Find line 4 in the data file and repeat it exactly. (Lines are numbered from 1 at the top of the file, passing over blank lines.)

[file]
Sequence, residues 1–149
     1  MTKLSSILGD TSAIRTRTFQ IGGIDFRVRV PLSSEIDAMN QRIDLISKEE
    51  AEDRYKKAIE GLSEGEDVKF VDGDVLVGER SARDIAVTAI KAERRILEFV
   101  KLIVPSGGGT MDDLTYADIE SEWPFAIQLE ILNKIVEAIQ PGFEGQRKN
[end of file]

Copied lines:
   101  KLIVPSGGGT MDDLTYADIE SEWPFAIQLE ILNKIVEAIQ PGFEGQRKN